Aviation stories and tips to help you stay sharp.
By Dan Sobczak
Editor's note: This article first appeared in America's Flyways magazine in June 2005, and Airport Journals in August 2005. This content does not constitute flight instruction. Consult a certified flight instructor in your area for proper flight instruction.
I once sat inside the cockpit of a Cessna L-19, a two-seater with a big engine and a climb rate more than double that of a Cessna 172. The aircraft was being flown in the Colorado Mountains on what appeared to be a perfect flying day: calm conditions and severe clear.
The Cessna's flight ended prematurely, however, going down vertically into gradually rising terrain, fatally injuring the pilot and passenger onboard. But I survived the two-seater's crash.
How is it possible that I could have been onboard this two-seater's flight and survived such a crash in the mountains? Because I was watching the final 20 seconds of this flight on videotape from the perspective of inside the cockpit.
The Rocky Mountains west of Denver, Colorado. Photo by Dan Sobczak.
The souls onboard happened to be capturing their flight on videotape by a cockpit-mounted camera when a rather pleasant scenic flight turned tragic in just a matter of moments. Two years after the crash, a hiker accidentally discovered the Cessna’s wreckage. The videotape onboard captured the entire accident.
On the tape, the pilot and passenger make sundry comments concerning the beautiful scenery, while the terrain below gradually rises. Moments later, the pilot is aware of the steeper terrain, but by now it's too late. All of his escape routes are closed. At nearly treetop level, he attempts an escape from the rising earth. You hear the stall warning go off. You see a wing drop. The aircraft enters a stall. And seconds later, it's all over. It is very chilling to watch this tape.
But it is even more chilling to realize how easily you as a pilot can get into such a situation if you have not prepared in advance, and how difficult it is to get out once all your escape routes have expired. Certainly the best escape route is to avoid getting your airplane into such a situation to begin with.
As a safety-conscious pilot, how do you prepare? There are many good articles and books written on mountain flying techniques, and it would be well worth your time to read a few of these texts to increase your aviation knowledge. But knowledge alone may not be enough to save you. Not one of these books can give you what you really need to fly the mountains: experience.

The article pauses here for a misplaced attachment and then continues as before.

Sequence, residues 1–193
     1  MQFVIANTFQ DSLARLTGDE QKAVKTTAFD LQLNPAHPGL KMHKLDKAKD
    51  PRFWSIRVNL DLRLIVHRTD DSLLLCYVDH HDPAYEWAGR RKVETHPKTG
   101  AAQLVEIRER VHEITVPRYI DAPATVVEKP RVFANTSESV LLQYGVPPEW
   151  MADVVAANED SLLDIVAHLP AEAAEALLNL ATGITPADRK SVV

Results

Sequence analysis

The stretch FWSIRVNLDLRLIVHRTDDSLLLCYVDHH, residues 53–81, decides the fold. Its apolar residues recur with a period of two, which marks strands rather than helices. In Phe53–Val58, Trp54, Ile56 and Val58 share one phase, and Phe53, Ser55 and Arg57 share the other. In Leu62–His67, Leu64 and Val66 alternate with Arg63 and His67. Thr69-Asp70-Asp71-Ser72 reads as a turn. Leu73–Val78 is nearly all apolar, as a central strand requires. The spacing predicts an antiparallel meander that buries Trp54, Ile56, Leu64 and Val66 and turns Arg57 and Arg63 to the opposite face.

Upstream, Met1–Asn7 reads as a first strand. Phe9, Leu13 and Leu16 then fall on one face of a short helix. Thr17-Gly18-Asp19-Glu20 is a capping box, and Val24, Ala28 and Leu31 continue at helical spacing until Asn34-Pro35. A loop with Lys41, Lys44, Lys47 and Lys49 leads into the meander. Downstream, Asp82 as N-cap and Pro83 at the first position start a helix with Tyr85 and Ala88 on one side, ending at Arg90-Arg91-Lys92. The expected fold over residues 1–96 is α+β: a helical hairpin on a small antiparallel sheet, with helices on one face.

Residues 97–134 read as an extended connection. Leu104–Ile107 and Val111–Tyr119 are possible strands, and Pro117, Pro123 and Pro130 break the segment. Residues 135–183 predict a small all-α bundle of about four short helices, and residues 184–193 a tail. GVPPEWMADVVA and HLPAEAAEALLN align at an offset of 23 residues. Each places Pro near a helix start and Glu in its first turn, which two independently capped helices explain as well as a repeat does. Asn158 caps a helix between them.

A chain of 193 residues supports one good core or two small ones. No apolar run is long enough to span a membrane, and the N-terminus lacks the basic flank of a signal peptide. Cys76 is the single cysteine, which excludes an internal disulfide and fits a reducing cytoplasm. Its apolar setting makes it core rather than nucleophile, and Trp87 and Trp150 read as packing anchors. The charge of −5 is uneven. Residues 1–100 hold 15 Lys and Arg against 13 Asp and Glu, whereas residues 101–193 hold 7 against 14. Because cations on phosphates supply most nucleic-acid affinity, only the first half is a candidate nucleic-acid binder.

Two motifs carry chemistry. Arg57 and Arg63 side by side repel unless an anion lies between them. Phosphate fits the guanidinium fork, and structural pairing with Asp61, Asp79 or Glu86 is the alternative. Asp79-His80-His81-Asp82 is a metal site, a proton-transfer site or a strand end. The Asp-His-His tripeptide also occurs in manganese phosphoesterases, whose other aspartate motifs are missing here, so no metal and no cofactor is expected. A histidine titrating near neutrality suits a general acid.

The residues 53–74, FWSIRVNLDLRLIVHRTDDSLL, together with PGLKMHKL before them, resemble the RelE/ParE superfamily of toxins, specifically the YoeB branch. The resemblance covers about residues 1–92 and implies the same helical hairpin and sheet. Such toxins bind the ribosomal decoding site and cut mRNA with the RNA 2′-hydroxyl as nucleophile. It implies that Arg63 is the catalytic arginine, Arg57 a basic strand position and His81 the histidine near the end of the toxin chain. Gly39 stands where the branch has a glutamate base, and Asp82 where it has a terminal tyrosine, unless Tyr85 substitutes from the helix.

No matter how many hours you may have logged as a pilot, until you experience mountain flying and the related effects of density altitude on a light aircraft's performance, it is difficult to appreciate how remarkably different it is compared to the performance your airplane achieves at lower elevations.
As a student pilot, my limited knowledge of density altitude may have been slightly better than the average student because I learned about this phenomenon very early on in my training from a meteorologist who is also a pilot. He introduced me to the three H's of density altitude: Height, Heat and Humidity. As altitude (height), temperature (heat), and humidity increase, so does density altitude, or the altitude the airplane thinks it is at, and performs in accordance with. As density altitude increases, your airplane's performance decreases.
But my knowledge alone was not enough. I had an excellent flight instructor during my private pilot training, but one flight we never undertook was that of heading north to the mountains of Arizona for a lesson in density altitude to experience decreased aircraft performance.
As a result of my student training experience, shortly after I passed my check ride I made the decision that the northern half of Arizona, with all its tempting beautiful mountain scenery, was off-limits to my flying until I received mountain flying instruction. I signed up for a local flight school's FAA-sanctioned mountain flying safety course. The one-day course (which was also part of the WINGS pilot proficiency award program) included 2.5 hours of thorough ground instruction and 3.0 hours of flight training to three of northern Arizona's most popular, and potentially dangerous, airports: Flagstaff (KFLG), Sedona (KSEZ), and Payson (KPAN).
At 7,011' MSL, northern Arizona's Flagstaff Pulliam Airport (KFLG) offers pilots rewarding views of the San Francisco Peaks mountain range, while raising significant safety challenges due to high density altitude. Photo by Greg Brown. Used with permission.
After preparing my own flight planning prior to the day of class, I walked into the briefing room where the usual hangar flying conversation transpired among the other five pilots who also enrolled in the course. The ground school began with an introduction which described what mountain flying has to offer pilots: great flying, fantastic scenery, and, as we all discovered upon watching the Cessna L-19 video clip, the tragic consequences of not being prepared for it.
The ground instruction covered a lot of material, including density altitude and related aircraft performance, proper mixture leaning procedures for various phases of flight (emphasizing the use of maximum lean for taxi operations), the importance of flying the same indicated airspeed you would normally fly at lower elevations, the effects of weight and balance on a mountain flight, and of course weather and mountain waves.
After the ground instruction was complete, I teamed up with a flight instructor to begin my mountain flying experience. However, it quickly became apparent we would not be making our flight to the north country due to thunderstorms enroute and snowy conditions at Flagstaff, only 89 nautical miles north, despite the sunny and clear morning weather in Phoenix. It was a good lesson in obtaining detailed weather briefings before venturing into the mountains. Weather can change quickly in the high country, and often has much more localized weather phenomena than do the flatlands, so obtaining a thorough and detailed weather briefing is key in making your go/no-go decision.